Conrad Bussow

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Conrad Bussow (1552 or 1553, Ilten, Hanover[1] – 1617) was a German mercenary from Lower Saxony who lived in Riga in 1590s and in Muscovy in 1600–1611. In 1614–1617 Bussow compiled The Disturbed State of the Russian Realm, an eye-witness history of the Time of Troubles. An early manuscript of his book was plagiarized by Peter Petreius in his History of the Grand Duchy of Muscovy.

Biography[edit]

Conrad Bussow was born in the township of Ilten (part of present-day Sehnde near Hanover), in a family of a Lutheran pastor; his writing as a mature man suggests that he received a decent education at home, especially in Latin language and literature.[1] He joined the military at the age of sixteen or seventeen. Details of his early service are unknown, but he eventually appeared in the troops of Stephen Báthory of Poland, engaged in the Livonian War. When Russia was forced out of this conflict, the Polish-Swedish coalition fell apart; Bussow changed sides and joined the Swedish service. In 1590s he lived in Riga; little is known of his family life except that two of his sons born in this period reached mature age and were alive in 1610s. His exact position in Swedish forces remains unclear; Bussow names himself Inspector and Intendant of the lands conquered in Livonia by Duke Karl of Södermanland.[2]

Swedish hold of Livonia eroded in late 1590s, the Poles were preparing to take it over and in 1599 Bussow changed sides again, deserting the weakened Swedish force for Muscovy. According to the version of Bussow' nemesis, Swedish envoy Peter Petreius, in 1599 agents of Boris Godunov recruited Bussow in Narva; Bussow agreed to hand the city over to Russians and secure neutrality of the German troops in his command. The plot was discovered and Bussow fled to Muscovy.[2]

Bussow's treason was rewarded with lands in Russia and a small, unimportant military command. His subsequent service to Godunov, False Dmitriy I and Vasily Shuysky was unremarkable; Bussow stayed away from the political conflicts. In 1606 he somehow dissatisfied tsar Vasily Shuysky who relieved Bussow of his command and ordered him to retire in his Kaluga estate. There, he was caught in the middle of Ivan Bolotnikov's revolt. Bussow's son, also Conrad Bussow, joined the revolt; he was later caught, sentenced to exile in Siberia but returned safely after the fall of Shuysky. Bussow (senior) followed Bolotnikov's troops but did not engage in any decisive combat. Later, he would likewise follow the camps of Jan Piotr Sapieha and False Dmitry II. In 1611 Bussow realized that the Poles ultimately lost their war in Muscovy; he retired to Polish-occupied Riga and settled on writing a book of memoirs on the Time of Troubles. Perhaps he was motivated by the financial success of a book published by Jacques Margeret, a fellow mercenary in Muscovite service.[3]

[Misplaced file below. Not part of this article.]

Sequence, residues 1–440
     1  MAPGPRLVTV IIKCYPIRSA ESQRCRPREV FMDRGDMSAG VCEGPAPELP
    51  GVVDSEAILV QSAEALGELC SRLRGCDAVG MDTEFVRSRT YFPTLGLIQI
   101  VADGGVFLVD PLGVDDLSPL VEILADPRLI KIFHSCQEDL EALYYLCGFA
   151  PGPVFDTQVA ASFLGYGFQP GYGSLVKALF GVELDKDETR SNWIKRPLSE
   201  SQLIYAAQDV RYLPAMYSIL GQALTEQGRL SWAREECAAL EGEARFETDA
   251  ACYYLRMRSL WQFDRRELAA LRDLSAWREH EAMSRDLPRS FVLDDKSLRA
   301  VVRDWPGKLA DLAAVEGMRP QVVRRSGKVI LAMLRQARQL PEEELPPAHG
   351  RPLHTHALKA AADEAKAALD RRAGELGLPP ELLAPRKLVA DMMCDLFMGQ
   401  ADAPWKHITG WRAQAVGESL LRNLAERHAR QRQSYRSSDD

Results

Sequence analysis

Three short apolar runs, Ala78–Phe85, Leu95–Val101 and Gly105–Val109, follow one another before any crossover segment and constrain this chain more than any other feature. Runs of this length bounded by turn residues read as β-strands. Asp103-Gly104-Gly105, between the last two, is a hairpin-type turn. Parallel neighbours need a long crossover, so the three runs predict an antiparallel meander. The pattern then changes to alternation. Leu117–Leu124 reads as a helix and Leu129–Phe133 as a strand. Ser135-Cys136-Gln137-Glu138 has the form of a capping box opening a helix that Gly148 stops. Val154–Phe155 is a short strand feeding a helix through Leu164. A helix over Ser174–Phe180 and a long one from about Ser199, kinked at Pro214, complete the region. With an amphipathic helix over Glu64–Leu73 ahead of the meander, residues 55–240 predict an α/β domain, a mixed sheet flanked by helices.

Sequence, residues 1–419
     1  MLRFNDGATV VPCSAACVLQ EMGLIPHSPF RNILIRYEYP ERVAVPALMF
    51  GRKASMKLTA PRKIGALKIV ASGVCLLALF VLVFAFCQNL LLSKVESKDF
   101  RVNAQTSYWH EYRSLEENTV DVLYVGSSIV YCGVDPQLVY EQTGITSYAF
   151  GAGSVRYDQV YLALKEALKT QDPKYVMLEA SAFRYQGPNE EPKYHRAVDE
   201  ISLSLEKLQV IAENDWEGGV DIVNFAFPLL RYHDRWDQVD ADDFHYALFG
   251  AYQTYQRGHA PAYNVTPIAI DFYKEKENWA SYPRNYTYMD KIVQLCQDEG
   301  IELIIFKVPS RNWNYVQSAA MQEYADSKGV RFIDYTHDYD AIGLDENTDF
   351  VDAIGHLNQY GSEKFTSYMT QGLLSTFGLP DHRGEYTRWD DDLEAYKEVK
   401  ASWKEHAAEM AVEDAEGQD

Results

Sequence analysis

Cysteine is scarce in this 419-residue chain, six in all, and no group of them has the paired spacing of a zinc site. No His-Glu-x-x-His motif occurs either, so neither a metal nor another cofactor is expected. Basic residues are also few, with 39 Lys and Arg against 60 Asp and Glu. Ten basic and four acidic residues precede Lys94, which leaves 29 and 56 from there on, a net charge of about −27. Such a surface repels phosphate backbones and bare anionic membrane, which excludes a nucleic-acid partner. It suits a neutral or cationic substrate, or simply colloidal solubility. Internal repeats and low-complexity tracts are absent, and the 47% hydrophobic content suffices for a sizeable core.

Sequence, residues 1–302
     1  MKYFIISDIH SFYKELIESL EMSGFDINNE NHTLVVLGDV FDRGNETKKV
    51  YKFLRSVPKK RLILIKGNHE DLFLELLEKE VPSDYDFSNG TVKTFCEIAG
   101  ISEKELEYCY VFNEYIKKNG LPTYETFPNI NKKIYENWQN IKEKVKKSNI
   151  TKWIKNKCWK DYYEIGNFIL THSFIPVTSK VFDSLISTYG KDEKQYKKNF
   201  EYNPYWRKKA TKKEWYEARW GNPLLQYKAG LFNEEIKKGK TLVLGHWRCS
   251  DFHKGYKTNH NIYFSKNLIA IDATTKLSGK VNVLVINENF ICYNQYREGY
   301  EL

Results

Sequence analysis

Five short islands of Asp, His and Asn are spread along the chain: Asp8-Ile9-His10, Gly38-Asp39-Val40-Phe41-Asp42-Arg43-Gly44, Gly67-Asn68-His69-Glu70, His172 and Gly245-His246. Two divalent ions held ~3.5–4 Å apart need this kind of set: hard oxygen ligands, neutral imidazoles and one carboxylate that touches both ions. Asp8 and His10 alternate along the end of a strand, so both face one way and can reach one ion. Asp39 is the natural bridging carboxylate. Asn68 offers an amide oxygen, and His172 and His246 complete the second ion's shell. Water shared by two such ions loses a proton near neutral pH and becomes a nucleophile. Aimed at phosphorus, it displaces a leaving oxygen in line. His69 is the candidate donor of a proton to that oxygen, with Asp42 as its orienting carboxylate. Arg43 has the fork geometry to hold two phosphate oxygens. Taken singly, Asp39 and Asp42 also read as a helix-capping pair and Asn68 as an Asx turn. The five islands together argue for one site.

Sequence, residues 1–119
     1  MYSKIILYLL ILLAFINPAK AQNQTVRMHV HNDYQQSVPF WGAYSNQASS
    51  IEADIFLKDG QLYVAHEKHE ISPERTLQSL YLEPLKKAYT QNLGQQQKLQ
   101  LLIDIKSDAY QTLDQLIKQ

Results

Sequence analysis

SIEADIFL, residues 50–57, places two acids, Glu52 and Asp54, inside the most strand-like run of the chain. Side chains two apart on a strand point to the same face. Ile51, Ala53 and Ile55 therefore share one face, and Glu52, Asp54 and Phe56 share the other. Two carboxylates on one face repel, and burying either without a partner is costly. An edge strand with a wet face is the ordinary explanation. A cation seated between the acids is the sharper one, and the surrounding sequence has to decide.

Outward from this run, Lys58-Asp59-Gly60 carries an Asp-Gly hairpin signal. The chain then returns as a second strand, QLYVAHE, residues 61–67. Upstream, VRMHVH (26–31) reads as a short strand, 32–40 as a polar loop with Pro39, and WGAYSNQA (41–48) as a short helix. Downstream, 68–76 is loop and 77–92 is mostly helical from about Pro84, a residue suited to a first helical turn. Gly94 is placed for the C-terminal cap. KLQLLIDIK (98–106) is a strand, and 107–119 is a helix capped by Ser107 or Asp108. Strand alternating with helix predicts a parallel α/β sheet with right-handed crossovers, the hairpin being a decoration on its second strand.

Bussow prepared two versions of his book. The first, compiled with the help of his son-in-law Martin Beer, was sent in 1613 to Frederick Ulrich, Duke of Brunswick-Lüneburg, master of the Wolfenbüttel Library. The Duke did not reply, either due to his internal problems, or due to Bussow's strained reputation as a deserter. This book never found its way to a printing press. Peter Petreius, the man who made Bussow's desertion a common knowledge among European courts, obtained a copy of the manuscript and reused or plagiarized its content in his own book issued in Swedish in 1615 and in German in 1620. The second manuscript, written by Bussow alone, was ready for publication in 1617. Bussow made a deal with a printer in Lübeck shortly before his death and the publication was cancelled. Petreius could now proceed with his plagiarism without remorse.[4]

Critical assessment[edit]

Although the manuscripts were not printed in the 17th century, their placement in the Wolfenbüttel Library made them accessible to scholars. In 1690s Christian Kelch used both Bussow and Petreius as independent sources. In the first half of 19th century the relationship between Martin Beer, Conrad Bussow and Peter Petreius was not clearly understood; German and Russian scholars (notably Friedrich von Adelung, Nikolay Karamzin, Nikolai Rumyantsev) considered Beer, not Bussow, to be the primary author. Bussow was restored in his own right in 1849 by Arist Kunik and in 1858 by Sergey Solovyov.[5]

Bussow's German text now exists in different manuscript copies, of which Wolfenbüttel II is probably the most authentic; the complete English translation (printed 1994) was based on 1961 Smirnov edition with cross-checking against the manuscripts.[6]

Bussow as an author is remarkable in two aspects. On the upside, he "seems to have had all the instincts of an investigative reporter. He always seemed to be where the action was."[3] He personally knew the driving leaders of most of warring factions and was personally present at the crucial events of the war. Knowing spoken Russian well, Bussow could retell his Russian sources directly, without resorting to interpreters.[3]

At the same time, "it is amazing that someone could live for ten years in a country without acquiring the slightest insight into, or empathy to, the local culture."[7] Bussow was as ignorant in matters of Orthodox Christianity and popular culture as he was competent in military tactics. However, the numbers provided in his generally credible descriptions of military actions are regarded as exaggerated.[7]

References[edit]

Notes[edit]

  1. ^ a b Orchard, p. xxix
  2. ^ a b Orchard, p. xxx
  3. ^ a b c Orchard, p. xxxi
  4. ^ Orchard, p. xxxiii
  5. ^ Orchard, pp. xxxv-xxxvi
  6. ^ Orchard, pp. xxxvii
  7. ^ a b Orchard, p. xxxii